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Burn Care Nurse

ASN or BSN

Burn Care Nurses treat patients who have been burned, whether from hot water, oil, chemicals, or electricity. Working mostly in burn care units, intensive care units, and trauma centers, Burn Nurses must not only care for their patients' physical well-being, but also the emotional and psychological toll burns and their aftermath may cause. These nurses must also educate families of burn victims on the treatment of burns. But education is not only limited to after a casualty. Burn Nurses must train children and adults on burn prevention as well.

Things You'll Do:

  • Dress and care for patients' burns
  • Maintain patient comfort
  • Tend to patient emotional well-being
  • Educate families on wound care
  • Educate the community-at-large about burn prevention

Your job characteristics:

  • Multifaceted
  • Patient-facing

How You'll Get There
  • Get Your
    Associate of Science in Nursing (ASN) or Bachelor of Science in Nursing (BSN)
  • Pass Your
    National Council Licensure Examination (NCLEX-RN)
  • You can start working as a Registered Nurse.
    More about becoming an RN ›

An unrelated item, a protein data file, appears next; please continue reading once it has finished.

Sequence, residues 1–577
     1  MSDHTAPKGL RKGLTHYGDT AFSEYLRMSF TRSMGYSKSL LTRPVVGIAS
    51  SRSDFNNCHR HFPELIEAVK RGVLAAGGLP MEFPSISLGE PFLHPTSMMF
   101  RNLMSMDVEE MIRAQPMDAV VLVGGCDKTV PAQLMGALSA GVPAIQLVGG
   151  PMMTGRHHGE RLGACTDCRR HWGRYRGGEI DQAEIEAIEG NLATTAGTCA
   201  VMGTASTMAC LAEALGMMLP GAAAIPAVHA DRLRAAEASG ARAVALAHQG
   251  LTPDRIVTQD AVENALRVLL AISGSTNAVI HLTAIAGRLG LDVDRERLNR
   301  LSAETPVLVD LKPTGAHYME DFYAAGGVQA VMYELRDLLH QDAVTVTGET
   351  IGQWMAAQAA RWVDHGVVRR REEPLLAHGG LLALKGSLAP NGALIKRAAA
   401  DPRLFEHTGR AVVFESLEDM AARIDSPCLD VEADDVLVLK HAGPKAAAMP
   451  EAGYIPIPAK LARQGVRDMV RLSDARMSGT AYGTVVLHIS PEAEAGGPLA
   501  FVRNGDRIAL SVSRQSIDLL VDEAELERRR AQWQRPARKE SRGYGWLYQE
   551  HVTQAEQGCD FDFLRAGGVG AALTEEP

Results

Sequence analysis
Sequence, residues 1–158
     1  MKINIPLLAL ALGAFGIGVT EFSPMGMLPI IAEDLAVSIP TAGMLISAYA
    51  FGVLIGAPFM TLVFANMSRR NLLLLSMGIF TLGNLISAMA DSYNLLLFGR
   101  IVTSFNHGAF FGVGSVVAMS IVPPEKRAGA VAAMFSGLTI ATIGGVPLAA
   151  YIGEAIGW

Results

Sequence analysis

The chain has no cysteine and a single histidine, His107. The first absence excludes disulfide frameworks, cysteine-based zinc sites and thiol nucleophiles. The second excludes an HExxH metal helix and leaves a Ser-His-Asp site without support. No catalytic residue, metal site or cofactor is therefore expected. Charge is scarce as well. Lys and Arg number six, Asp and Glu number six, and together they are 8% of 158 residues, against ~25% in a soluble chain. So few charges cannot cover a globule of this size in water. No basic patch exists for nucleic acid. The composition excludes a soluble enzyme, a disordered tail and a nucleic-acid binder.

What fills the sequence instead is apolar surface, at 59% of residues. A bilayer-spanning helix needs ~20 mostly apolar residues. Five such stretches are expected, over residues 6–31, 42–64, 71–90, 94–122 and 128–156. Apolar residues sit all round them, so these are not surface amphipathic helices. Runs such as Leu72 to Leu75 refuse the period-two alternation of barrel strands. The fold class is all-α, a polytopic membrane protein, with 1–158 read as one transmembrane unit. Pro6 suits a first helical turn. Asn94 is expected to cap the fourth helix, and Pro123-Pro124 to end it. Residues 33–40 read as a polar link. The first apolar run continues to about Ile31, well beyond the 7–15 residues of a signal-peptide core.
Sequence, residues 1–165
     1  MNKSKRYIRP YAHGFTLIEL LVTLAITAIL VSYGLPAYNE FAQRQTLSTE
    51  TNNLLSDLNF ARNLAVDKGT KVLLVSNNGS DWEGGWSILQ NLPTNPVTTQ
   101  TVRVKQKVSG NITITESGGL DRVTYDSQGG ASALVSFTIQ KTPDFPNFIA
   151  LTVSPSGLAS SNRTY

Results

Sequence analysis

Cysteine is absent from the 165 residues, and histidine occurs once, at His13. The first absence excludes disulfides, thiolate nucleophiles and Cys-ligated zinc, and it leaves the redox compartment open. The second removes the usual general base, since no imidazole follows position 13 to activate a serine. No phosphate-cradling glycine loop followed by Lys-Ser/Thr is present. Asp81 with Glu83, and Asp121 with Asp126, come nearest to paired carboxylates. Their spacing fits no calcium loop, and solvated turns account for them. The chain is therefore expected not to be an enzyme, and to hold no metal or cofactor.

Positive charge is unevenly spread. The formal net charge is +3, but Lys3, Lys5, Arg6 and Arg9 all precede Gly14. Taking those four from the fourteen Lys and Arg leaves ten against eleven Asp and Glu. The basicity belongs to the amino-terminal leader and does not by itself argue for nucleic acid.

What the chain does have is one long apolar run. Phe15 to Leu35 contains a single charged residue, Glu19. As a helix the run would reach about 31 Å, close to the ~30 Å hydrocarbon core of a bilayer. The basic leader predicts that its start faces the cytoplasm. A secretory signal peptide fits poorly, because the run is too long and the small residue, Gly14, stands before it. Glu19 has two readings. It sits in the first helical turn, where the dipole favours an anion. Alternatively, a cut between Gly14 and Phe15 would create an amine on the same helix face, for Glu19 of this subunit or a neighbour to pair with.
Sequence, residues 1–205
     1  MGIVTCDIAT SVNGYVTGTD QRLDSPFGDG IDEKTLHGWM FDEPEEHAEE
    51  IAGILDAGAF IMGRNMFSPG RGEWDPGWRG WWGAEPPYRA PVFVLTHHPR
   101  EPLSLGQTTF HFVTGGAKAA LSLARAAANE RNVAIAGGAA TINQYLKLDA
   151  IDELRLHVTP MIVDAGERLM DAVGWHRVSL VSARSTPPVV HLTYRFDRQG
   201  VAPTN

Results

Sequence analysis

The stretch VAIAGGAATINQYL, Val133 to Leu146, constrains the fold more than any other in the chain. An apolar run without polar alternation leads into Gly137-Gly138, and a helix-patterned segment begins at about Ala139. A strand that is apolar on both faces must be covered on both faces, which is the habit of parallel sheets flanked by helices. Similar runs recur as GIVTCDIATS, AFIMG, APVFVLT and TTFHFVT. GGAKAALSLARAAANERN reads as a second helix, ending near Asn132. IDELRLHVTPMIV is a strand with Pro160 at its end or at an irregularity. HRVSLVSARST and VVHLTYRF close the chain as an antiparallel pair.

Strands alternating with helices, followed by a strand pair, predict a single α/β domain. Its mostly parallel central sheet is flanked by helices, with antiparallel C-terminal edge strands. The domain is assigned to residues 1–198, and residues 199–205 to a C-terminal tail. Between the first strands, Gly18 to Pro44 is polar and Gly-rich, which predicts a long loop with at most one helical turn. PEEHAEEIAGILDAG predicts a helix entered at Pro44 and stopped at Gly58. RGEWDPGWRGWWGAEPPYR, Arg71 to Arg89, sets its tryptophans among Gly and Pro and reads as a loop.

• There is no certification for Burn Care Nurses, but nurses who work in this specialty generally gain as many work hours as possible in the ICU and in trauma centers. Experience is key if you want to...
  • Become a
    A Burn Care Nurse
  • Once you have put in a significant number of hours in the burn care unit, if you wanted to hold a more managerial role in the specialty, you could also...
  • Get Your
    Master's Degree in Acute Care, Trauma, and Emergency Nursing

More About this Specialty
  • Where You
    Can Work

    • Burn Care Unit
    • Intensive Care Unit
    • Trauma Center
    • Emergency Room

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  • How Much You
    Can Make

      an average salary of

      $70K - $99K

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  • What Else You
    Can Expect

    • Challenging patient interaction, not for the squeamish!
    • Burns can have severe emotional and psychological implications on the patient and their families

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